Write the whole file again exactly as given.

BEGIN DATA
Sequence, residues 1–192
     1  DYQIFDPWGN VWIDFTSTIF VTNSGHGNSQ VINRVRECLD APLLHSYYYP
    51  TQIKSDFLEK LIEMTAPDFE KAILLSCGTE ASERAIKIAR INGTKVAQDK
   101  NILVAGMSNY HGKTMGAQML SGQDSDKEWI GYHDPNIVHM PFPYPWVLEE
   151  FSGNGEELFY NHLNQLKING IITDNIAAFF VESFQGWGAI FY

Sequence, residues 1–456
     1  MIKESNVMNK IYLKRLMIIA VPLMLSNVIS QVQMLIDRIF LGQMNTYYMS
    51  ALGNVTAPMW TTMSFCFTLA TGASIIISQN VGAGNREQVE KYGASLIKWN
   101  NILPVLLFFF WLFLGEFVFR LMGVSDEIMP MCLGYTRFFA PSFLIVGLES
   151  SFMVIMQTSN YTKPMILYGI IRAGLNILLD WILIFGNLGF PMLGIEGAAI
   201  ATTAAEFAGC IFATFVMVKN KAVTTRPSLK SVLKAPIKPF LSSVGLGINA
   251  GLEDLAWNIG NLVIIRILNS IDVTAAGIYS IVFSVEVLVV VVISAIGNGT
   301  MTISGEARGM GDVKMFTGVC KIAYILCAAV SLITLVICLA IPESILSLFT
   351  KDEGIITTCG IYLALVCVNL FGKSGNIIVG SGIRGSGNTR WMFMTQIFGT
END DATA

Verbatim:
Sequence, residues 1–192
     1  DYQIFDPWGN VWIDFTSTIF VTNSGHGNSQ VINRVRECLD APLLHSYYYP
    51  TQIKSDFLEK LIEMTAPDFE KAILLSCGTE ASERAIKIAR INGTKVAQDK
   101  NILVAGMSNY HGKTMGAQML SGQDSDKEWI GYHDPNIVHM PFPYPWVLEE
   151  FSGNGEELFY NHLNQLKING IITDNIAAFF VESFQGWGAI FY

Sequence, residues 1–456
     1  MIKESNVMNK IYLKRLMIIA VPLMLSNVIS QVQMLIDRIF LGQMNTYYMS
    51  ALGNVTAPMW TTMSFCFTLA TGASIIISQN VGAGNREQVE KYGASLIKWN
   101  NILPVLLFFF WLFLGEFVFR LMGVSDEIMP MCLGYTRFFA PSFLIVGLES
   151  SFMVIMQTSN YTKPMILYGI IRAGLNILLD WILIFGNLGF PMLGIEGAAI
   201  ATTAAEFAGC IFATFVMVKN KAVTTRPSLK SVLKAPIKPF LSSVGLGINA
   251  GLEDLAWNIG NLVIIRILNS IDVTAAGIYS IVFSVEVLVV VVISAIGNGT
   301  MTISGEARGM GDVKMFTGVC KIAYILCAAV SLITLVICLA IPESILSLFT
   351  KDEGIITTCG IYLALVCVNL FGKSGNIIVG SGIRGSGNTR WMFMTQIFGT